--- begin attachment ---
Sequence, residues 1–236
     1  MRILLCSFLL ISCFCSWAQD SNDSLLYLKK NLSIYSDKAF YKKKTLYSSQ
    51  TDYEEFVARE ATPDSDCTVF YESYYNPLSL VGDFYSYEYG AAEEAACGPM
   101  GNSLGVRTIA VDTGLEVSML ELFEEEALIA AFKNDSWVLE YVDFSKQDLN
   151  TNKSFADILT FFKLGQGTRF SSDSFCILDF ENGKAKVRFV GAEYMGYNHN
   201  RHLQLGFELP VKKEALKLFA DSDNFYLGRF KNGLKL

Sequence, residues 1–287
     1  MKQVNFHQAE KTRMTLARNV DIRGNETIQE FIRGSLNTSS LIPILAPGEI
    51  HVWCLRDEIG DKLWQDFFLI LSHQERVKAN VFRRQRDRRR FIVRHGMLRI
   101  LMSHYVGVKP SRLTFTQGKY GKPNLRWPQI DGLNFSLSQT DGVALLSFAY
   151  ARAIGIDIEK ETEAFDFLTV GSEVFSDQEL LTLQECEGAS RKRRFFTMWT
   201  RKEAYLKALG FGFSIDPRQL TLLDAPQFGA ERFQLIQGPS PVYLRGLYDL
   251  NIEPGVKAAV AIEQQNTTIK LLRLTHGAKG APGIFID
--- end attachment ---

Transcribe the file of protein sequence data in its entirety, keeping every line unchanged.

Sequence, residues 1–236
     1  MRILLCSFLL ISCFCSWAQD SNDSLLYLKK NLSIYSDKAF YKKKTLYSSQ
    51  TDYEEFVARE ATPDSDCTVF YESYYNPLSL VGDFYSYEYG AAEEAACGPM
   101  GNSLGVRTIA VDTGLEVSML ELFEEEALIA AFKNDSWVLE YVDFSKQDLN
   151  TNKSFADILT FFKLGQGTRF SSDSFCILDF ENGKAKVRFV GAEYMGYNHN
   201  RHLQLGFELP VKKEALKLFA DSDNFYLGRF KNGLKL

Sequence, residues 1–287
     1  MKQVNFHQAE KTRMTLARNV DIRGNETIQE FIRGSLNTSS LIPILAPGEI
    51  HVWCLRDEIG DKLWQDFFLI LSHQERVKAN VFRRQRDRRR FIVRHGMLRI
   101  LMSHYVGVKP SRLTFTQGKY GKPNLRWPQI DGLNFSLSQT DGVALLSFAY
   151  ARAIGIDIEK ETEAFDFLTV GSEVFSDQEL LTLQECEGAS RKRRFFTMWT
   201  RKEAYLKALG FGFSIDPRQL TLLDAPQFGA ERFQLIQGPS PVYLRGLYDL
   251  NIEPGVKAAV AIEQQNTTIK LLRLTHGAKG APGIFID